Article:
Long before Regis Philbin became the television symbol of the millionaire, Cynthia Crossen, senior editor of "The Wall Street Journal," set out to identify the wealthiest people of the millennium.
After Crossen and some researchers had "gone through New York City's libraries like hurricanes," they assembled a list of thieves, plunderers, military types to begin the century. By the end, "we had turned up people who trade electronically or push a few buttons on the computer," Crossen explained in a telephone interview with the Deseret News.
There was a fascinating evolution of how people have become rich, starting with trading things of value, including gold, and progressing to paper and beyond. "When we started," said Crossen, "we were going to identify the wealthiest person of the millennium, but it was just not possible. It was like comparing apples and oranges. Who is to say if someone like Bill Gates in computers is wealthier than Genghis Khan in land?"
Crossen recalled Steve Martin, the comedian, explaining how someone becomes a millionaire: "Well, first you start with a million dollars. . . . " In fact, Crossen found that most of those who become wealthy in any era start with something, and "then you are either very smart or very lucky."
From a world that was quite poor, we have progressed into an "Age of Money," in which at least four million people are millionaires. "We saw a story then," said Crossen. "Fifty millionaires was unwieldy, so we narrowed it down to 10, roughly one per century, and concentrated on how the ways of getting rich changed."
Crossen intentionally left out those who obtained their money exclusively through inheritance. She included some who had inherited money, but they used the money as leverage to gain more. "The history of consumption is so fascinating. In every society there is ambivalence about wealth — we love them and we hate them. We envy them and we are suspicious of them. In any case, they fascinate us."
The result is her new book, "The Rich and How They Got That Way." Crossen hastened to say "It's not a 'how-to' book. You don't read this book to figure out how to get rich. There is no workable pattern for getting rich."
Rather, this is a book of social history, explaining how people went about satisfying one of the oldest of human ambitions. Crossen had so much fun researching and writing it that she considers the process "the liberal education I should have had in college."
In many ways the rich are different than those who aren't. "The wealthy are so single-minded about making money that they tend to be poor in social relationships and in personal relationships. One thing the average person says is, 'If I win the lottery, I'll quit working,' but none of these people stopped working. They didn't enjoy the fruits of their labor very often."
Crossen said most people who know Bill Gates "can't believe he has accomplished so much, because he doesn't have people skills. It turns out you can do just fine without people skills — as long as you have a second-in-command who has them."
Acquiring wealth is "a combination of inspiration, perspiration and luck," Crossen said. "You have to be in the right place at the right time for what you have to offer. A thousand years ago, Bill Gates would not have survived to be 13. Life then was about physical strength, the power to wield a spear. But in any era, people who are fabulously rich have a drive, an idea, a sense of creativity. They see something other people don't see. They are charismatic — even Gates — and can draw people around them."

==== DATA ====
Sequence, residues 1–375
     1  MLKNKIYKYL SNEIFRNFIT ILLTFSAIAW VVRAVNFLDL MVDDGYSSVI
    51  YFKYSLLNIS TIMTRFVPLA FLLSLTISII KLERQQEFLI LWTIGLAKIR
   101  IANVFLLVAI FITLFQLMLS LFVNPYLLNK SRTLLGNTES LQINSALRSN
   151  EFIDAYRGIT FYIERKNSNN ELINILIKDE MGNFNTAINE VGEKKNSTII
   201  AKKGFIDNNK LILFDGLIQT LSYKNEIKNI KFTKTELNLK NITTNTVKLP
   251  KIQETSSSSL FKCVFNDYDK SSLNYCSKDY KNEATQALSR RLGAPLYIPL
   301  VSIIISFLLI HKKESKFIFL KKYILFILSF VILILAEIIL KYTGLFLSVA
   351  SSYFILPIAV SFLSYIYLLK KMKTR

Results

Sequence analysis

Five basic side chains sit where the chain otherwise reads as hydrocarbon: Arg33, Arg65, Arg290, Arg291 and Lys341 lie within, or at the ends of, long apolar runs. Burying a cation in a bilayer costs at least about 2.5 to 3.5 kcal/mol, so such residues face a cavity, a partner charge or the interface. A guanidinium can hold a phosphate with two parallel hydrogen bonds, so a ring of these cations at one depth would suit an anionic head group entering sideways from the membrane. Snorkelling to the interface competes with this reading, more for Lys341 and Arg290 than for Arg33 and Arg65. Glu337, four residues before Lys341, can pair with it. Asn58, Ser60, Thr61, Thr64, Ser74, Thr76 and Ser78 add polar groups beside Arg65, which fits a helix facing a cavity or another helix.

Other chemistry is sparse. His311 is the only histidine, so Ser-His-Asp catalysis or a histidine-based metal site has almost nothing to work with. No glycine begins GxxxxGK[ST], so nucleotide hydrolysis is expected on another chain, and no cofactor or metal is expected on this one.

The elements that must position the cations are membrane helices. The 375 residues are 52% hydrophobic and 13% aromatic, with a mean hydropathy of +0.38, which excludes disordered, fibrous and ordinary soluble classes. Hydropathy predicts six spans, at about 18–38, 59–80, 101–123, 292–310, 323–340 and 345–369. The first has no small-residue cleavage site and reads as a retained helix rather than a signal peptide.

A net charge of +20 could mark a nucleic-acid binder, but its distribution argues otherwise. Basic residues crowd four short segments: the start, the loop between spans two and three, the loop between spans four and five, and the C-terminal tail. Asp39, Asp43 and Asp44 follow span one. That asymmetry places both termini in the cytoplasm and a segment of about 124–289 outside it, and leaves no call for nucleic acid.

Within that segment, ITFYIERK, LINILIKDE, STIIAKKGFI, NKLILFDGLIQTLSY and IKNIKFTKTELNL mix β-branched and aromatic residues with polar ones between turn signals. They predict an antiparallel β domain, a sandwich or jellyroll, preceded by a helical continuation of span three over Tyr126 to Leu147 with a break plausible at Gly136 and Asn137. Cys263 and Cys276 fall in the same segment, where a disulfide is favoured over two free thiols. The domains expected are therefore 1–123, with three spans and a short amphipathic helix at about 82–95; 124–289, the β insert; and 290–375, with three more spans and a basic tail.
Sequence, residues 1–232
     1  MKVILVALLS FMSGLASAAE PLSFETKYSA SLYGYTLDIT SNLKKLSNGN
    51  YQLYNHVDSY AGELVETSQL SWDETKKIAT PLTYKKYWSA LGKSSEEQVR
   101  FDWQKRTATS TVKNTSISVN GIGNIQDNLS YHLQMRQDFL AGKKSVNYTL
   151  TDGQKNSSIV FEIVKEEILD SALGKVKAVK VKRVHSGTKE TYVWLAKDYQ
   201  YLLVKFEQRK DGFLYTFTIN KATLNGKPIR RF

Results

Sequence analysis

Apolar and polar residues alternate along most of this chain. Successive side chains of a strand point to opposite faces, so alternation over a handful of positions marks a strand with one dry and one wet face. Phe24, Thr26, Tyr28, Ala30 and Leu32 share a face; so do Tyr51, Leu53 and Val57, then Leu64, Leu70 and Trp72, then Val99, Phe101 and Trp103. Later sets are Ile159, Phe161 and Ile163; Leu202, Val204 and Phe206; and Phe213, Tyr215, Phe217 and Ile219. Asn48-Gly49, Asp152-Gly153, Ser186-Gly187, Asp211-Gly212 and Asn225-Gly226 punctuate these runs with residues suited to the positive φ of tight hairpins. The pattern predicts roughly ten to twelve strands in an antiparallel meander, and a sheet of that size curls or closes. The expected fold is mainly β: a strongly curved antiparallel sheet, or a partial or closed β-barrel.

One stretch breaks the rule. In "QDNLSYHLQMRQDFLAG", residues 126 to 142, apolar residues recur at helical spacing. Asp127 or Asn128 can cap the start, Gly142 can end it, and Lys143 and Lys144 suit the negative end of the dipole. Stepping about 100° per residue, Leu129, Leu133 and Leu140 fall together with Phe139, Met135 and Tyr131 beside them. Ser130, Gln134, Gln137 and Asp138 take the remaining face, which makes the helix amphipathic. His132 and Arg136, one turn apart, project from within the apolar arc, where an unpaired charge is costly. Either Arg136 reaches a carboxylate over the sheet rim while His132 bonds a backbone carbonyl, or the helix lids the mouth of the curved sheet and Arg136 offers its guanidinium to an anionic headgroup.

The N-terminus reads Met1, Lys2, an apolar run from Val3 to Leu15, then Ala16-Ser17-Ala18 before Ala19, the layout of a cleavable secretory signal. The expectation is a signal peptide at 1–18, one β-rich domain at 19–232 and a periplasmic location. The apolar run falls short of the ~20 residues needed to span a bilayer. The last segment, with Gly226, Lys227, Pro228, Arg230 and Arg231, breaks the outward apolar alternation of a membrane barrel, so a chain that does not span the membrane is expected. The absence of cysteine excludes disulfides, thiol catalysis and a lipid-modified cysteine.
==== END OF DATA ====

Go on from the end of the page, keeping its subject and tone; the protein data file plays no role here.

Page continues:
Crossen has learned that "most wealthy people are not overly concerned about stepping over people on the way up. Wealth will change you, and not necessarily for the better. But it allows you to be more eccentric than most people. One example is that of Howard Hughes having his secretary type the same letter 200 times. It allows you to turn whims and thoughts into reality."
There is also "a cultural expectation that a wealthy person will give some of the money to charity. If you don't, you'll hear about it."
Of the many people Crossen studied, including Machmud of Ghazni, an early ruler of Afghanistan; Jacob Fugger, a 15th century German banker; and Howqua, a 19th century Chinese trader, Crossen's favorites are John Law and Hetty Green.
Law, called the "Pied Piper of paper money," was a 17th century figure, "a swashbuckling, larger-than-life character who killed a man in a duel, escaped from prison before he could be hanged and lived much of his life as a gambler. He was more fun to write about than someone who sat in the counting house. Green ventured out onto the 19th century stock market when it had no regulations, when people were doing anything they could get away with. It was an era when women stayed home and laced their corsets up really tight, but Hetty was out there reducing men to tears."
According to Crossen, wealth has certain unmistakable advantages — "You can buy longevity, privacy, comfort, the ability not to work. You can cushion life's blows. If a hurricane goes through your town it will not hurt you as much.
"But it cannot buy love, personal relationships or self-satisfaction — the feeling that God is in his heaven and all's right with the world. In the end, they've never had enough. There is no point when they stop. They can't quiet the beast that is motivating them."